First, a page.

HONOLULU (KHNL) -- With little regard for their own safety, five men jumped into a contaminated waterway to save a driver trapped in a submerged truck. On Wednesday, their heroic efforts were recognized.
Honolulu police say it's very rare for them to give out their highest award for civilians. But it's not everyday people from different walks of life come together as a team to save a life.
They braved the murky waters of the Ala Wai Canal, swimming among stinging jellyfish, to rescue a man from his sinking truck.
"Just jump right in, try to pull the guy out," Reuben Silva, Medal of Valor recipient, said on June 9, 2007. "Couldn't get him out, so flipped the truck over."
Now, the five Good Samaritans -- including Jim Crites of Hawaii Kai and Silva of Makakilo -- are receiving the Honolulu Police Department's highest civilian honor, the Medal of Valor.
"It feels good, you know, like the community actually recognizing us for something that we did just by not even thinking, you know, just trying to help somebody out," Silva said.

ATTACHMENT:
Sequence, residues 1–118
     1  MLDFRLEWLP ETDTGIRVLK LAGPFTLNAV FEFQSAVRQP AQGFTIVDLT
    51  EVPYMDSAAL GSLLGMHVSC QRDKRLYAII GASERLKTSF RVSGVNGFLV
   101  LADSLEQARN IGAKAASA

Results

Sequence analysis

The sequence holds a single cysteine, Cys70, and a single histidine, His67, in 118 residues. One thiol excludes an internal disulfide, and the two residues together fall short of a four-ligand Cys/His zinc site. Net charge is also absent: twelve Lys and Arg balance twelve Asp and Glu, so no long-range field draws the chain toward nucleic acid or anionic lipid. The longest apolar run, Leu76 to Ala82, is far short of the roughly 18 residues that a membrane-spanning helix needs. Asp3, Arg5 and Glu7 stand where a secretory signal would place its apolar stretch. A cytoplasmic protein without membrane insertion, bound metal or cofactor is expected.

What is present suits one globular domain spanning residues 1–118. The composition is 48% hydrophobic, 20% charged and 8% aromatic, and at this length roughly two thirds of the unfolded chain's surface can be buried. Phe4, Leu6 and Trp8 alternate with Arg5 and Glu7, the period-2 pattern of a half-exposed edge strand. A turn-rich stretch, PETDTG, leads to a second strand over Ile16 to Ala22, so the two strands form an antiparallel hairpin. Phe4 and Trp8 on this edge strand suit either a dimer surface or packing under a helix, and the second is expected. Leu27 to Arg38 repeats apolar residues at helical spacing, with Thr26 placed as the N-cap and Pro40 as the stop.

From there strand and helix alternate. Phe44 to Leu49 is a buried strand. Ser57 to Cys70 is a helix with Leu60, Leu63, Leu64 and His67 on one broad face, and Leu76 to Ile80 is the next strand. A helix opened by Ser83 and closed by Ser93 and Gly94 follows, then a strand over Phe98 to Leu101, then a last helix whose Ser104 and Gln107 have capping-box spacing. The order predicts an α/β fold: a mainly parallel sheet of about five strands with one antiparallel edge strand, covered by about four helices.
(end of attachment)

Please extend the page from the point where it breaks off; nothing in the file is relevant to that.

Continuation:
Crites jumped right in, after the truck plowed into two vehicles and plunged into the water.
"I just figured it could be me, so, you know, you'd want somebody to help you," the 54-year-old Medal of Valor recipient said. "So if you're going to get that kind of karma back, you might as well go for it."
But the Ala Wai?
"I grew up on the Potomac, so it's like almost the same," Crites said smiling. "You don't think about that, honestly. All you think is somebody needs some help. You'd better go or else they're not going to make it."
The 57-year-old driver was underwater for several minutes. The heroic efforts of the strangers saved his life.
"The holidays, you know, make you think about it a little bit," Crites said. "And you think, well, hopefully his family is happy because he's still around."
"A lot of people call me hero," Silva said. "I'm like, ah, I'm not that hero. Just was trying to help out somebody in need."